I was in an AA meeting once and someone said “The disease talks to me.” Being in very early recovery, I had no clue what he was talking about.
Year later, I began to recognize the sound of the “Voice”. It said things like, “I’d only be hurting myself.” or “I know I screwed up the last time, but this time I’ll be able to control it.” But these thoughts seemed to come from outside of me. The disease had, in fact, begun to talk to me. But I had had enough recovery to have developed a new, whole sense of myself that was able to just observe these voices and not act on them. Sometimes, they even made me laugh.
Many years have passed and I now am a sex addiction therapist. I work with people to try to help them separate their non-addict from the “Voice” that had once haunted me. I can see that the “Voice” lies to them. Unfortunately, they’re not always always able to see it until they get a little more sex addiction treatment under their belt.
Sex addiction therapy eventually gives them them skills and strategies so the True Self can prevail over the Addict Self. Relationships with objects and events that are mood-altering appeal to the sex addict because of the emotionally traumatic relationships in his childhood. He fears being re-traumatized and so relies only on himself to get his needs met. The sex addict molds his attitudes and behaviors of his adult life in emotional reaction to events that occurred many, many years ago.
The sex addict has an immature self, seeking immediate gratification to emotional problems in prostitutes, phone sex or Internet porn. Sex relieves pain, emptiness, depression and self-loathing. The “Voice” of The Addict tells him that sexual arousal will bring him wholeness, comfort, peace, safety and fulfillment. But here’s the thing about the “Voice” – it always lies. Addictions always lie to us.
The power of the addictive state tells the sex addict that he feels empowered, recognized, desired, attended to – states he did NOT experience in childhood. But an addictive state is a dissociative state. That means it’s split off from the authentic self. It’s illusionary – based on fantasy, hopes and dreams. And, it’s transitory.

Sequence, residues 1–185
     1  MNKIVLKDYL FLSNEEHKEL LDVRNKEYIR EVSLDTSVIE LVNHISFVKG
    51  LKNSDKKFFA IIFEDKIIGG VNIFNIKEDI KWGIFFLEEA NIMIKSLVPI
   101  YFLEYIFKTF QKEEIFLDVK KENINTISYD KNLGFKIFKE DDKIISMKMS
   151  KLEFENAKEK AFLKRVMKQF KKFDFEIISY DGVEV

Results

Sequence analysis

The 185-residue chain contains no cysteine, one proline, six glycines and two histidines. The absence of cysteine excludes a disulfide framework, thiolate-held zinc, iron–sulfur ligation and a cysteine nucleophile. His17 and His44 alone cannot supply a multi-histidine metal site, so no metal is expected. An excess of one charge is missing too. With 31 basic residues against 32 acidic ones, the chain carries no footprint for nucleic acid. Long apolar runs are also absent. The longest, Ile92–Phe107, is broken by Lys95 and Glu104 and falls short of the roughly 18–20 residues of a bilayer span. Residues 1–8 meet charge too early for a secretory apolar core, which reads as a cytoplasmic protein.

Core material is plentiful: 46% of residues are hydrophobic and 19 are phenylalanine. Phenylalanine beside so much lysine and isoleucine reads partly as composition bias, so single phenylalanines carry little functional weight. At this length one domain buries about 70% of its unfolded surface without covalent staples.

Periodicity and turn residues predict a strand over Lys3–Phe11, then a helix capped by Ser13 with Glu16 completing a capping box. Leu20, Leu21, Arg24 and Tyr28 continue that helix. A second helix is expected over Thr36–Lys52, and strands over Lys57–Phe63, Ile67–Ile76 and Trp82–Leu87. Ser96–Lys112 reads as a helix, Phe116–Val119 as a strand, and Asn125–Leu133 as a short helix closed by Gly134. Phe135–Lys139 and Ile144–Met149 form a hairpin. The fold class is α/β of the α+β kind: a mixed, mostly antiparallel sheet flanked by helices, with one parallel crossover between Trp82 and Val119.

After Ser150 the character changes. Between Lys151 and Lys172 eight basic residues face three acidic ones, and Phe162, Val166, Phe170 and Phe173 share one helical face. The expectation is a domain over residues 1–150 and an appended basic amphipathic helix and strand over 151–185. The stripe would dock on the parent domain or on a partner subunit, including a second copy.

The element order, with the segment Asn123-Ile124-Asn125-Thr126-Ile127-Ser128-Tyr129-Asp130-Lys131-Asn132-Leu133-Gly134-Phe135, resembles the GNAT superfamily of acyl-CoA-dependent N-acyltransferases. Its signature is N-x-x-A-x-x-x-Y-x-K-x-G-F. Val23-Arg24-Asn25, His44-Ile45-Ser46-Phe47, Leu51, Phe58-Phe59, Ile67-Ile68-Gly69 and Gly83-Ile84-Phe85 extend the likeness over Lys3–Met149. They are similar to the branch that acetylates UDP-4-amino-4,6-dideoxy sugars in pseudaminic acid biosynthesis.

The “Erotic Haze”, which is the playground of the Sex Addict Self is a state dissociated from the True Self. As I’m sure you know, it is a state of intense sexual arousal, pleasure, and empowerment. And it’s alluring, compelling, seductive. Time spent in the “Erotic Haze” of fantasy and intense sexual pleasure is time that the person feels no stress, responsibility, obligation or negative feelings that he sometimes feels when he’s in the “real world”.
However, in the “Erotic Haze”, the True Self is not in control. It does not have the power of choice, and is unable to make decisions for his own best interest. It is the Addict Self – the self that is always wanting, wanting, wanting and is never truly sated – that is the captain of the ship.
Eventually, faced with defeat, the Addict Self pits himself against his deep need to have his emotional needs met from childhood and he loses the fight. (Because those needs, belonging to a time long ago, can NEVER be met.)
Once again, in a seemingly endless pattern, he has believed the false promise of emotional security, and closeness through a pathological relationship to a mood-altering experience. Once again, he is hopelessly addicted to sex. The high of the Erotic Haze has dissolved into the fleeting sensations they’ve always been. Nothing but shame and remorse. Nothing truly gratifying. Nothing substantial. Nothing of value. Nothing authentic. Emptiness — again.
Home Page: http://sextreatment.com//